A summary of the risks posed is shown below:
Dangers for kids:
- 18+ content in the songs lyrics. Swearing and adult concepts in the provided music.
- Explicit and adult content/issues.
- Musical.ly users can search for other users to view or follow near their own location/city.
- User generated videos can be viewed and shared onto other social media and messaging apps increasing exposure.
- Bullying in comments.
- Users can publicise their messenger usernames or social media profiles on their Musical.ly profile.
- Live.ly live streaming is not private even if you have the privacy settings set up.
- Using live streaming Musical.ly app Live.ly may mean larger exposure with mean comments, interacting in real time with viewers.
- Many fake user accounts, used to hijack views or set up to bully.
- Hacking of accounts by promotional accounts (Free Musical.ly Crowns) within the apps.
- Not easy to report accounts for being fakes or underage inside the app.
- Many underage accounts with large amounts of followers.
- Easy for users to create multiple accounts and hide them from their parents.
- Fake Musical.ly apps on the app store that charge for download or offer followers.
A new concern received from a parent - read more...
The app Roblox has very quickly become very popular with children in our school. A parent has alerted us to some potential risks to this site. Please be aware of an open chat room facility in the games. This is a site recommended for ages 8-18 although is also available to adults. There have been some reviews by parents published on Common Sense Media that have highlighted additional concerns. We have not yet had any other issues reported to school. Use of this game and specifically the chat rooms/friend requests should be monitored closely by parents.
Again, we recommend that registration for any app or game is completed with a parent so that they are able to ensure information in completed accurately and security settings are appropriate. The date of birth/ age can determine the access a user has to different facilities/games within a site.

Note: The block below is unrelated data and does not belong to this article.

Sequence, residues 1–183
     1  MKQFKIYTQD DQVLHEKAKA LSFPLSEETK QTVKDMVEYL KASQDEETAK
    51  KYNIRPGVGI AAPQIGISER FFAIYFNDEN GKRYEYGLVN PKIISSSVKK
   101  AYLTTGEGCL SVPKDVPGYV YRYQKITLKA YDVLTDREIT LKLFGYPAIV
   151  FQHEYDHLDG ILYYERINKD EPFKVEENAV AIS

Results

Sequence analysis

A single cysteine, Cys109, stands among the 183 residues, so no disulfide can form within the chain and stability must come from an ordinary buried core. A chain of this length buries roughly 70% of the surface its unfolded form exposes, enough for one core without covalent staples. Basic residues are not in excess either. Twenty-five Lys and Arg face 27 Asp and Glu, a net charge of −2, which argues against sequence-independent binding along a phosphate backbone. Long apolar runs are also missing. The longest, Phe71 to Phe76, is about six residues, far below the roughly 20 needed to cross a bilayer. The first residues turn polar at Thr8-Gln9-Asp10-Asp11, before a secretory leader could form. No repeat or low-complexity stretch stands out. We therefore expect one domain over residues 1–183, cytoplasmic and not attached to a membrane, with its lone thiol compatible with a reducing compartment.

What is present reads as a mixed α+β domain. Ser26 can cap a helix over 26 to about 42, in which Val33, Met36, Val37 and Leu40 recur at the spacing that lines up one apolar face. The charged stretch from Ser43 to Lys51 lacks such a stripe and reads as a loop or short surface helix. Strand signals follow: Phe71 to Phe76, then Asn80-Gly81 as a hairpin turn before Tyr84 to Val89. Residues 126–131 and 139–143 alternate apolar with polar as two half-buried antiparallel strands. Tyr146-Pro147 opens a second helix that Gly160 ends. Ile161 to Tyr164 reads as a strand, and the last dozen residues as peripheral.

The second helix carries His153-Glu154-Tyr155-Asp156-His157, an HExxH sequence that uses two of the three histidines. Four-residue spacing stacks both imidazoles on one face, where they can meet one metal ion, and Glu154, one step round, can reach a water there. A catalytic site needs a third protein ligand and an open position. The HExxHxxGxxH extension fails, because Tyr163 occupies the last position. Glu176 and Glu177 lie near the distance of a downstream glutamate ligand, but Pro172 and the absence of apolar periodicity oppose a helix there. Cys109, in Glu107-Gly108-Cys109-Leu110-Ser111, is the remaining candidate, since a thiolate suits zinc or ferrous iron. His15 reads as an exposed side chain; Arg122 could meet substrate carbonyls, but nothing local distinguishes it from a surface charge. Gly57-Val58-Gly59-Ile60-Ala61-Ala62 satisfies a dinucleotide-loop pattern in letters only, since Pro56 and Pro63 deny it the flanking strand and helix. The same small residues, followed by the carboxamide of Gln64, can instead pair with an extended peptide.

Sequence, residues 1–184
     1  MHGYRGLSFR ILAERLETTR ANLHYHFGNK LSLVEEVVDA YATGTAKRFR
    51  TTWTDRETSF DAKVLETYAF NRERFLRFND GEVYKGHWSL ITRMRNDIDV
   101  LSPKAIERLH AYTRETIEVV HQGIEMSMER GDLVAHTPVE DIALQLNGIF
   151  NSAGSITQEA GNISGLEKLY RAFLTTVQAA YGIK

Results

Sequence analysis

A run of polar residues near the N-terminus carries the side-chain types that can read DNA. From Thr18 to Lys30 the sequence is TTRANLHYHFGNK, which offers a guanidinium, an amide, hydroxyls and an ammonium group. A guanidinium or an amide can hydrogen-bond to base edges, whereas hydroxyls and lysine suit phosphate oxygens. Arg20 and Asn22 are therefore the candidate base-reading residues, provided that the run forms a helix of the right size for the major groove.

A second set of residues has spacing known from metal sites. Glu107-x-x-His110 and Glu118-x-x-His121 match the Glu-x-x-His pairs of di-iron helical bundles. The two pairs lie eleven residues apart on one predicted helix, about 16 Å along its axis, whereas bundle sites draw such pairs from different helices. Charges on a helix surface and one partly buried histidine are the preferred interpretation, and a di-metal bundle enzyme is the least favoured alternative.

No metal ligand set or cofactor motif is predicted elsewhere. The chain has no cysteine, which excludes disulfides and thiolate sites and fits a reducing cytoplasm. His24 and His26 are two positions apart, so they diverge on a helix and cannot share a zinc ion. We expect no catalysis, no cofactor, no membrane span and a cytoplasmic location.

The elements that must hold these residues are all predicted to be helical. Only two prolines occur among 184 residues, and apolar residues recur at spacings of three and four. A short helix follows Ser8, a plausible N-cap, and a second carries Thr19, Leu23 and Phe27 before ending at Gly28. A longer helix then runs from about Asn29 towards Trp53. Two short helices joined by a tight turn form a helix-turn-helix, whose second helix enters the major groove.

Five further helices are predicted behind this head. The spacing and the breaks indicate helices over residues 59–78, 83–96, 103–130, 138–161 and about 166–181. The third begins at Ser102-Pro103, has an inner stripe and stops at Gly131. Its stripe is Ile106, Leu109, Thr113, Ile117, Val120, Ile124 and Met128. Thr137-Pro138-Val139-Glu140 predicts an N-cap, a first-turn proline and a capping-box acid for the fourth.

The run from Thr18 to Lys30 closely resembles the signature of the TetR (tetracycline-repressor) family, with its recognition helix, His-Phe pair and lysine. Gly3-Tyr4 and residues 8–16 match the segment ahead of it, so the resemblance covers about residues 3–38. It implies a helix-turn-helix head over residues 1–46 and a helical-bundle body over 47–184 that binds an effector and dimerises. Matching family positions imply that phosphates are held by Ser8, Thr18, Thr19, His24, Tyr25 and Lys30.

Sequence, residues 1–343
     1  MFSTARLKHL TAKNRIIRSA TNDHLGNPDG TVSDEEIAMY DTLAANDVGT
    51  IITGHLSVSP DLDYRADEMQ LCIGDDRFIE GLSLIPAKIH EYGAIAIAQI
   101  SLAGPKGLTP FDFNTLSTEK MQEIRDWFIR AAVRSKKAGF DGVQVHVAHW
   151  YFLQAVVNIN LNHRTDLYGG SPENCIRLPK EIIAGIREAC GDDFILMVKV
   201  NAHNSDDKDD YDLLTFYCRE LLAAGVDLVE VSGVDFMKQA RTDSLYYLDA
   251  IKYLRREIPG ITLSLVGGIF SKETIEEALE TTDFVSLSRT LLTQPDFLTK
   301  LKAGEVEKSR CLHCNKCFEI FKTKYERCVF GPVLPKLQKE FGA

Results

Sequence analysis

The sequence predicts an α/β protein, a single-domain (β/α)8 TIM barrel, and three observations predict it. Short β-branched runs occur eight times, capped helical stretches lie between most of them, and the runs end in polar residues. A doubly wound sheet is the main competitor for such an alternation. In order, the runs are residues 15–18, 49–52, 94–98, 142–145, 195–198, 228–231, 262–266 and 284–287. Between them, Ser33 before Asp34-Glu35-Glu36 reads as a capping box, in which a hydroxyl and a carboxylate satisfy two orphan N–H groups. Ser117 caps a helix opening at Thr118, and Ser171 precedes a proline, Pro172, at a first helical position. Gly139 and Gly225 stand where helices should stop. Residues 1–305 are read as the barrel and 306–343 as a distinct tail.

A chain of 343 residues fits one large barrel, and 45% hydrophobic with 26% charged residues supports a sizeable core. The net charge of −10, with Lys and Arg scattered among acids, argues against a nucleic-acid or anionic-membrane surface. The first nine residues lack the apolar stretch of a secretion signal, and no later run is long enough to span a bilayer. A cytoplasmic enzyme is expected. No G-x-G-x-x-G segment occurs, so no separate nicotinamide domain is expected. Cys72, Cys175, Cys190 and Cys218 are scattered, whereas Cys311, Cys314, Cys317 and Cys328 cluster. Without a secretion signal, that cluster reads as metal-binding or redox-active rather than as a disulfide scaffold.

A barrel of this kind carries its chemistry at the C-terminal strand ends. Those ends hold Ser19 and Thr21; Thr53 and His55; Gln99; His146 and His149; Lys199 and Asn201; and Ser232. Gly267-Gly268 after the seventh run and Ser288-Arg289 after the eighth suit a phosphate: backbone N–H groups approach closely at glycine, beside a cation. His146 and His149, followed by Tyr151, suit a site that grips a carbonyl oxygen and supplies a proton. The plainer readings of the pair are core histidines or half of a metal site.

Many thanks for your support
New Danger identified by Durham Police
YouNow is a fairly new app that allows users over the age of 13 to stream live video and receive comments from viewers. Broadcasters (the children using the app) are encouraged to become popular and to create content that will attract more viewers. There is also a system for buying a currency to virtually tip broadcasters. Videos created could be copied and stored. Durham Police have been made aware as a result of an ongoing case that paedophiles may be encouraging children to expose themselves, and are then involved in swopping images generated.
Further advice is available at http://parentinfo.org/article/a-parents-guide-to-younow . Parents of primary aged children will want to ensure that their children do not have access to this app and that older children are aware of the possible dangers.
Youtube Risks – Uploading Video
Many children spend a lot of time watching vloggers (Video Log) such as Zoella. (Zoella can have over 3 million hits on her uploads!)
Some children chose to emulate these Vloggers, and in doing so without careful thought can leave themselves open to bullying or online grooming by revealing personal details and making videos and comments available to anyone.
This is not illegal but the minimum age to create a Youtube account is 13. Having an account for a younger child breaks the terms and conditions of the site. It is not possible to upload videos without creating an account.
The following links provide additional information for parents and teachers :-
Social Networking advice for Parents